Extra-curricular activities won’t improve university offers

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The head of admissions at Oxford has made it clear that extra curricular activities undertaken by students to persuade universities to award them a place are a waste of time.

Mike Nicholson, director of undergraduate admissions at Oxford, said it was a myth that non-academic pursuits could make a difference to pupils' applications, according to the Telegraph.

He suggested extra curricular time would be better spent on improving their studies than trying to embellish personal statements through charity work or Duke of Edinburgh awards.

Mr Nicholson told the Times Educational Supplement: "It really doesn't matter if you haven't got any friends or hobbies or if you don't do any charitable work. Acceptance is a purely academic judgement.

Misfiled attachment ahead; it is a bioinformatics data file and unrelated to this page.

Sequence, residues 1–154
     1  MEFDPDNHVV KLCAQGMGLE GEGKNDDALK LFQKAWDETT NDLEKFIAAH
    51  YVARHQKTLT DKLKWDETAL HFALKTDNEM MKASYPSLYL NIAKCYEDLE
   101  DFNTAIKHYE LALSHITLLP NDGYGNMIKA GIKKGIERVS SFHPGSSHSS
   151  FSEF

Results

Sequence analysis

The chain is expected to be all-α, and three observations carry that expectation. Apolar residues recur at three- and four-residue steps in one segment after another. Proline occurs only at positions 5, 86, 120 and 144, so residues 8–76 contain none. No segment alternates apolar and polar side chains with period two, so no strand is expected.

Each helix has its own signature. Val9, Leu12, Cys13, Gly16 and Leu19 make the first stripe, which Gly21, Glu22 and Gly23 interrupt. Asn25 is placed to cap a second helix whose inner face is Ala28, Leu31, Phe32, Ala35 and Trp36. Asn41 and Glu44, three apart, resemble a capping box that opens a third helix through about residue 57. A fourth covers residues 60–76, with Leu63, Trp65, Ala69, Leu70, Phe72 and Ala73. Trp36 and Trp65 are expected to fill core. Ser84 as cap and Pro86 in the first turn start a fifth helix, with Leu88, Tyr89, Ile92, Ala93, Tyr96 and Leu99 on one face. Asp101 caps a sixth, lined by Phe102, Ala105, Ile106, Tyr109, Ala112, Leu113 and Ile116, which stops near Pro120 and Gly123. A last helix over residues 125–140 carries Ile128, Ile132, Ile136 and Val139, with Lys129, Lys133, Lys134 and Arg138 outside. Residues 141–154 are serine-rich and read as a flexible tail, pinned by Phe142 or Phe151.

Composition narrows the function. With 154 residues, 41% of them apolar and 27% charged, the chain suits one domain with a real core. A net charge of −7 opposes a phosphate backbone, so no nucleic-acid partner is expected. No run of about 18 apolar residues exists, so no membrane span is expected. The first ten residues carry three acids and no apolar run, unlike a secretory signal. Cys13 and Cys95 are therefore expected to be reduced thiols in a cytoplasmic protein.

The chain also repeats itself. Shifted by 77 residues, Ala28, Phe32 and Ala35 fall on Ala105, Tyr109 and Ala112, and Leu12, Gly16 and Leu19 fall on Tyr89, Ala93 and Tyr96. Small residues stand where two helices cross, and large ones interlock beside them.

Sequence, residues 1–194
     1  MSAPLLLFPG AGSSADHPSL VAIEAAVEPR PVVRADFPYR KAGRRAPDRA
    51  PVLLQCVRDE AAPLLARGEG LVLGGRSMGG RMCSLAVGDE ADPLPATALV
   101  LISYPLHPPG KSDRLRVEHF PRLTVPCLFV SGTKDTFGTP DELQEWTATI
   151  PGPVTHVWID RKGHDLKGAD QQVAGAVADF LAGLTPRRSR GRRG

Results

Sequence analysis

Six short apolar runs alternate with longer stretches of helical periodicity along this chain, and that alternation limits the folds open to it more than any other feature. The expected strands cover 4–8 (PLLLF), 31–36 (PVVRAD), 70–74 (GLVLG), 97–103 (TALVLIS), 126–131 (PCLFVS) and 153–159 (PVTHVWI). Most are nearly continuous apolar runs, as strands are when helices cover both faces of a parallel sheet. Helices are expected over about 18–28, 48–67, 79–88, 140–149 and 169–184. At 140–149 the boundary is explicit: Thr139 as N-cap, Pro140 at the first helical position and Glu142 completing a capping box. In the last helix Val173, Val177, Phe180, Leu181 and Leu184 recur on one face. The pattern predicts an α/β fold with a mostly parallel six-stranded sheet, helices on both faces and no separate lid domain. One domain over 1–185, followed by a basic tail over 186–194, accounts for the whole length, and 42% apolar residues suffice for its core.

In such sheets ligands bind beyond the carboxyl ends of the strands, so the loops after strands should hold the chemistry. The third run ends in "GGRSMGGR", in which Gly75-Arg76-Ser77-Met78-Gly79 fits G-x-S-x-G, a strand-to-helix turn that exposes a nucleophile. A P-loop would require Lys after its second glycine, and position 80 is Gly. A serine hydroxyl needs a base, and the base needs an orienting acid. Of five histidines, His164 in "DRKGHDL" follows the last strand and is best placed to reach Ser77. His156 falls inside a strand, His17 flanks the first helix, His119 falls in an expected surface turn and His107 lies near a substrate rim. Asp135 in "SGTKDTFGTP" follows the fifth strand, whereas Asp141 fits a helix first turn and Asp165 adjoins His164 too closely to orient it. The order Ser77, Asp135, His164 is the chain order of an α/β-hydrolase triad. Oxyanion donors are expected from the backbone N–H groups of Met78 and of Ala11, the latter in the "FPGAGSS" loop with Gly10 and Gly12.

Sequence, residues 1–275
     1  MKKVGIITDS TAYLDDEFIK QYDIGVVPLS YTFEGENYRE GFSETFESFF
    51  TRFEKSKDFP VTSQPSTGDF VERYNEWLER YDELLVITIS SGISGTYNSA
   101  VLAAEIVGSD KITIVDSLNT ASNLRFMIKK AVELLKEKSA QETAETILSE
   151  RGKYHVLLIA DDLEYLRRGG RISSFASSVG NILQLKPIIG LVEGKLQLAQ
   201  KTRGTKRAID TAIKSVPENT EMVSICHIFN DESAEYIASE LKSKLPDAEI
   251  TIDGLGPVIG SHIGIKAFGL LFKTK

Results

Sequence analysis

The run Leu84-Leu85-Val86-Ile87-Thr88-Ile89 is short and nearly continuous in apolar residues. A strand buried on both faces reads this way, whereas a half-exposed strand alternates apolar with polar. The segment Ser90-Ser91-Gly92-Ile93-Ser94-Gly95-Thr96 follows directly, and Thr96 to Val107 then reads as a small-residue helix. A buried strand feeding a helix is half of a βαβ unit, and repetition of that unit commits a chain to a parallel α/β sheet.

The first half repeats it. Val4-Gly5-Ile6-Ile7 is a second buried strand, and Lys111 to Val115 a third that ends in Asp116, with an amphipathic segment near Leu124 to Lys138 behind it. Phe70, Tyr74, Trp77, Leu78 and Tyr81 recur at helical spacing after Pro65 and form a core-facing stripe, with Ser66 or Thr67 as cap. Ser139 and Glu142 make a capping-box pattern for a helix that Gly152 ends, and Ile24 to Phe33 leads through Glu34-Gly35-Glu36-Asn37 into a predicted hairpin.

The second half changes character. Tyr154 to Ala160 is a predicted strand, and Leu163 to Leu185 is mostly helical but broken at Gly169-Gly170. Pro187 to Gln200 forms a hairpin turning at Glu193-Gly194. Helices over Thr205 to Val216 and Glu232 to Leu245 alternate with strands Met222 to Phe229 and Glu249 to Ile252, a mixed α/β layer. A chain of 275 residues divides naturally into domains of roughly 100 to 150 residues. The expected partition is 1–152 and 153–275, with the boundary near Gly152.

"Universities were only interested in enthused, engaged and excellent candidates, rather than second-rate historians who happen to play the flute". 

The remarks are likely to surprise teachers who routinely advise pupils to emphasise their non-academic interests in the personal statement on their application form.

The comments also fly in the face of recent remarks made by David Willetts, the universities minister, who advised pupils that volunteering could improve their chances of being accepted onto courses.

A spokeswoman for Cambridge said: "All admissions decisions are based on academic criteria, and excellence in an extra-curricular activity will never compensate for lower academic potential."

Mirroring the comments, a spokesperson for Oxford University said: "This won't come as any surprise to teachers, as we've been making it crystal clear for years. The fair way to select the very best students from a very strong field is to assess only academic ability and potential for the chosen subject of study.

"We don't discourage students from pursuing extra-curricular activities – they apply to five universities, not just us – but we tell them upfront that they won't be assessed on that by Oxford."

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